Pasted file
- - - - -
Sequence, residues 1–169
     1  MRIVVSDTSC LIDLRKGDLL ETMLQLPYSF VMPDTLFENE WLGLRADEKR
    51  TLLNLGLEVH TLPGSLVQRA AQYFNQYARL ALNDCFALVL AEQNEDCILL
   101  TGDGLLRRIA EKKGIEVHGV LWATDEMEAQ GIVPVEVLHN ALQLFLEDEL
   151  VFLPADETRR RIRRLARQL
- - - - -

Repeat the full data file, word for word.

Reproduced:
Sequence, residues 1–169
     1  MRIVVSDTSC LIDLRKGDLL ETMLQLPYSF VMPDTLFENE WLGLRADEKR
    51  TLLNLGLEVH TLPGSLVQRA AQYFNQYARL ALNDCFALVL AEQNEDCILL
   101  TGDGLLRRIA EKKGIEVHGV LWATDEMEAQ GIVPVEVLHN ALQLFLEDEL
   151  VFLPADETRR RIRRLARQL